Wow, that is adorable! You should make a pattern for that! Ever heard that from your friends and fellow quilt guild members? Well, thatâ€™s exactly how I got started. Twelve years later I am the owner of the largest distributor of primarily quilting patterns in the country. My business was built by helping very small businesses to get their patterns to market. We represent approximately 250 designers in the US and other countries and our website contains over 10,000 different quilting and sewing patterns plus notions. All because I listened to my friends.
So in this series of blog posts, I am going to help you to gain the confidence to get to a point where you are brave enough to email me your great pattern idea. QuiltWoman.com needs a constant inflow of new patterns to stay relevant to our customers. We are always looking for more designers with great new ideas for designs.
Here is my story of how I got started which I hope will inspire you to do the same. It all started with my first pattern, the Chameleon Purse
Back in the early part of 2005, the purse craze was on. Everyone was going purse crazy. We all wanted a purse to match every outfit. Pattern designers jumped on board like crazy and came up with hundreds, now thousands, of patterns for those of us who sew to make our own unique purses. I wanted a purse to match every outfit but as a mother of 2 young children with a professional job as a CPA, I had no time to change my purse out and no desire to go searching for my stuff in different pockets. So I designed a purse that I could change the cover in under one minute without ever moving the stuff inside. I spent many hours and days perfecting the design until I came up with something fairly easy to make. I was doing this for myself with no intention of it every going public. When I showed it my friends, they were all crazy about the idea and said I should make a pattern to sell. I had no idea how. They suggested I talk to our local quilt shop owner, Linda, who had published some of her own patterns and would know what to do.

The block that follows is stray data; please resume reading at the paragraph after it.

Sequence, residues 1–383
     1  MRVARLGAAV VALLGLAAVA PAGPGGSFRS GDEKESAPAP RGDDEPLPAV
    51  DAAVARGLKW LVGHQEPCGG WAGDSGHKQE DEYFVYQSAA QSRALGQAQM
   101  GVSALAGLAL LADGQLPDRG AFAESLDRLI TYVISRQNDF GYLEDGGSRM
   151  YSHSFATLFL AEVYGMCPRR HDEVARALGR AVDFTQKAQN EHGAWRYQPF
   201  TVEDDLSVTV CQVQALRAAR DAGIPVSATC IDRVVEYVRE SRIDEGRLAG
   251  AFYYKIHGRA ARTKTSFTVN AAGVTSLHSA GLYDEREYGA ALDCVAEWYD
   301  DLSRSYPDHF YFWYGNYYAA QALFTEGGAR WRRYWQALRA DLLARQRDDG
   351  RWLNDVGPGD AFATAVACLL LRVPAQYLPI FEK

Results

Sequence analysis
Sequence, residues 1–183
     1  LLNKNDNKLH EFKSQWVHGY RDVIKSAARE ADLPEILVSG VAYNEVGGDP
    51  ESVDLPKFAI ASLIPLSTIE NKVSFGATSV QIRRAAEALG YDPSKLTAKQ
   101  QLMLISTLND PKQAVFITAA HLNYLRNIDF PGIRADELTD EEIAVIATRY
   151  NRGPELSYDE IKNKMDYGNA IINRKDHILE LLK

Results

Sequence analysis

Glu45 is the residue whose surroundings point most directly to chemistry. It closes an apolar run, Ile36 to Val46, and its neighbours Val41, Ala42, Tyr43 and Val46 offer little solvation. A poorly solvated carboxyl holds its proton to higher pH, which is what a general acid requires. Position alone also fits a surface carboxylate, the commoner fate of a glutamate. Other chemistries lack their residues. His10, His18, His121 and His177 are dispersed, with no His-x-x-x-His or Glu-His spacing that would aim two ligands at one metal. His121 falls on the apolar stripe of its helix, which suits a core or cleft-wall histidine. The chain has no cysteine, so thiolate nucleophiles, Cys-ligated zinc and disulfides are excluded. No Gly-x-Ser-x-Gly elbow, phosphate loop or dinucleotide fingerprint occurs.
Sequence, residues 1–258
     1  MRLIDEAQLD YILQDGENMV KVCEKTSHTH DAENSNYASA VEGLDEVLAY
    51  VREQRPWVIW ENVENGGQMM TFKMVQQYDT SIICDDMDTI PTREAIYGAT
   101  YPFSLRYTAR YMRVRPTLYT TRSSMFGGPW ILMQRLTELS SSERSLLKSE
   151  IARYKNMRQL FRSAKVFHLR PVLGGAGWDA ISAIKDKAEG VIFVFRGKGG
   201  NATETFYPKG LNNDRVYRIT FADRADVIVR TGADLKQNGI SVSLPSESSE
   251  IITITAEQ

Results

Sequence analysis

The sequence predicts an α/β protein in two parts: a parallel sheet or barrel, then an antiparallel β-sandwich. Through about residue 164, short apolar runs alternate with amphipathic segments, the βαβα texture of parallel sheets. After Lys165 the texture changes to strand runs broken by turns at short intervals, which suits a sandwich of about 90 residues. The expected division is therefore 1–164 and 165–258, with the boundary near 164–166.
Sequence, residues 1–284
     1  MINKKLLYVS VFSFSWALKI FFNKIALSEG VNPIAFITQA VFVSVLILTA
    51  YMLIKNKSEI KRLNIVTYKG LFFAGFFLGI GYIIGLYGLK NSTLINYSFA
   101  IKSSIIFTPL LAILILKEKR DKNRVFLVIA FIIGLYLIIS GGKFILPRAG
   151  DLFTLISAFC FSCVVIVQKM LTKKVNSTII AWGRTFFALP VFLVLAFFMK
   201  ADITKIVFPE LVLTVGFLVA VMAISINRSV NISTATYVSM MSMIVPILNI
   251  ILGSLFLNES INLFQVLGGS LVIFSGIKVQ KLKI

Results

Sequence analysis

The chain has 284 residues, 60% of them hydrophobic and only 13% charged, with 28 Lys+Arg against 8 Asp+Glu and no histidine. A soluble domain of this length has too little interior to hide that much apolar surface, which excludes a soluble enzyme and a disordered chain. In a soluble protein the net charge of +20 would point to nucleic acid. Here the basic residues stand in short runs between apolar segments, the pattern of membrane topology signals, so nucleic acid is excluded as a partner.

Linda was indeed very willing to help and impressed with my pattern. She wanted to carry it in her store and invited me to show it off at my own little table during an upcoming shop hop. So I got to work and got the pattern ready to sell. I was honored to be asked to autograph the first copy I sold to my friend Peggy. Linda recommended a book called Publish Your Patterns that told me all I needed to know to get started. Later I will tell you the story of how I ended up being the sole publisher of this book â€“ what an exciting ride I have had in this industry! This book is now only available in downloadable format on our website. I will soon be going through it for a second time in 10 years to make updates.
This book is a good first place to start but certainly not a requirement. As I said, it does need some updating. Designers are always welcome to email me with questions any time at firstname.lastname@example.org and be sure to visit the â€œInfo for Designersâ€ link at the top of my website.
Part 2 will talk about what types of patterns sell the best.
Watch for many more installments of this blog post for up to date helpful information. I hope to see your pattern ideas soon!
Nancy Dill, President